This was my first impression of the books, but Jute's detailed exploration of the texts makes one realise there are certain inconsistencies and lacunas in the text. Jute brings out Larsson's self proclaimed feminism, or perhaps his partner's feminism as Larsson died before the books were published and therefore the majority of his supposed views come from his partner and colleagues. Is Salander consciously feminist or is she justifiably `getting even' against those people who harm her. Mind you, I don't necessarily think a woman can be definitively labelled as `not a feminist' just because she gets some fake breasts when she has the means. She might just wish not to be physically infantile any longer. Feminism (in my view) is the right of equality both in the home and the work place but does not mean one has to be deliberately unattractive! Some might say that Larsson's description of the rape is prurient and makes the reader feels like a voyeur. If this aids the cause of feminism I would be surprised.
I'm not sure if I quite agree with the author's analysis of Salander's preparedness to swap sex for goods - the `top of the range`laptop. In the story she is quite a stranger to almost any human warmth, having been abused by virtually everyone she has come in contact with, individuals and the State. Sex for her was probably considered a commodity, but the horrible violence shown to her on her second visit to her legal guardian was not `part of the deal' and her revenge is applauded by most readers, I should imagine. Incidentally, Jute touches on Larsson's suggestion that Salander has Asperger's Syndrome (which does sometimes go with high intelligence) and that had occurred to me, but her alienation is more likely
The fact that we (and André Jute) are drawn to analyze the characters Salander and Blomquist almost as if they were real is a tribute to Larsson, despite the under edited form of the books. I agree Blomquist, although leading the structure of the plot in the first novel is a shadowy reactive character and Salander is definitely the protagonist. But there is much more to think on in Andre Jute's book and it is well worth reading. I shall certainly read the trilogy again with a more critical eye and even if they do not last as `literature' I can see the books being analyzed in Popular Culture courses in the future. I have also seen all three Swedish films and the first in particular is so much tighter; it seems the film makers did a better job of editing than the publishers - although Jute makes it clear the constraints they were under, both from Eva Gabrielsson and the publishers who traditionally do not like to over edit the work of a dead author.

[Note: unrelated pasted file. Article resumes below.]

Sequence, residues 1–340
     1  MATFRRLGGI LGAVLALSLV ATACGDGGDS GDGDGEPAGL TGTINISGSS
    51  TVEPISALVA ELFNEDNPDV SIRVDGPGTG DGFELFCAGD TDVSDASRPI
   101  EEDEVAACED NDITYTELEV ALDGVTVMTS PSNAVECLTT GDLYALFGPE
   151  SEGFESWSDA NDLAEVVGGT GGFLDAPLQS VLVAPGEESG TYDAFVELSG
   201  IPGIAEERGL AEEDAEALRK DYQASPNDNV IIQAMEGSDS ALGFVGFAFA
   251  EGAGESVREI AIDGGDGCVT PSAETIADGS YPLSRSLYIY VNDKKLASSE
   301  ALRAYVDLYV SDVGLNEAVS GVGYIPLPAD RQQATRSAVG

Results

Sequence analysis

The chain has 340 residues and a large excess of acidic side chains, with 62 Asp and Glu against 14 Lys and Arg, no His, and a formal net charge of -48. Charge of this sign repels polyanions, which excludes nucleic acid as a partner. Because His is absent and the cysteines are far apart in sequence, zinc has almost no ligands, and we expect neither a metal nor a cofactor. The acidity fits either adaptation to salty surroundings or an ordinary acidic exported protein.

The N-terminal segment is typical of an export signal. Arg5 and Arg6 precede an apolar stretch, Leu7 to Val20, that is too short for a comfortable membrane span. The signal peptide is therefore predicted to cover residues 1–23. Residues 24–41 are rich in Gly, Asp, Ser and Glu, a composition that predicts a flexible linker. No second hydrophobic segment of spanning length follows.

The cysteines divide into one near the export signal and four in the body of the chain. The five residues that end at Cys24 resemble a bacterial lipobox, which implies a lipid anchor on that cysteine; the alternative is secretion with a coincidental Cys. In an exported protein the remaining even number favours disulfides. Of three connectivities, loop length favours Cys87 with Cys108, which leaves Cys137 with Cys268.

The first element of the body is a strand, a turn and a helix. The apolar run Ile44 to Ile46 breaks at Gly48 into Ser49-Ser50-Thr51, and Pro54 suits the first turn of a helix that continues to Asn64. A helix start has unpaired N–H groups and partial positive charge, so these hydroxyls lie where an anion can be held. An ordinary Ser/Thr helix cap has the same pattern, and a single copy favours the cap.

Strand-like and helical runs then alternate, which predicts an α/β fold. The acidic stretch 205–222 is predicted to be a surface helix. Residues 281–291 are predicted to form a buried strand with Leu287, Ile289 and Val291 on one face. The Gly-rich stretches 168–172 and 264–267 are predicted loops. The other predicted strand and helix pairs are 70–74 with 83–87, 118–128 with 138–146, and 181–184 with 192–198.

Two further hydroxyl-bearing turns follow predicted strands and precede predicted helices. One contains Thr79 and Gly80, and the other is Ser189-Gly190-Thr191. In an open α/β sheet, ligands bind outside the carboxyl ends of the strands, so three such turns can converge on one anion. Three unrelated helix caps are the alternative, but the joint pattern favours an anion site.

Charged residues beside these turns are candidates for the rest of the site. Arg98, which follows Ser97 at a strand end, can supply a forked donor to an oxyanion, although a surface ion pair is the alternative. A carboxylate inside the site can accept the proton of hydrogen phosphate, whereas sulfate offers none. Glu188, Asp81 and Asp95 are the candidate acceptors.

Penultimate thought: I loved the lists and the shopping - but there you go
Finally - thank you André Jute for explaining what `Kalle Blomquist' means! I have searched dictionaries and the internet to try and find out. Swedes would know immediately and a footnote in the book for other nationalities would have been welcome!
Like following Sarah Palin's bus
By Gail M. Baugniet
4.0 out of 5 stars
It's hard to tell how much of this book's contents are written tongue-in-cheek and which parts truly reflect the authors' (Andre Jute and Andrew McCoy) ire.
I have read and enjoyed the first two novels of Stieg Larsson's "Girl" trilogy, The Girl With The Dragon Tattoo and The Girl Who Played With Fire. But, due to a shallow pocketbook, I waited in vain for the paperback edition of The Girl Who Kicked the Hornet's Nest and finally lost interest.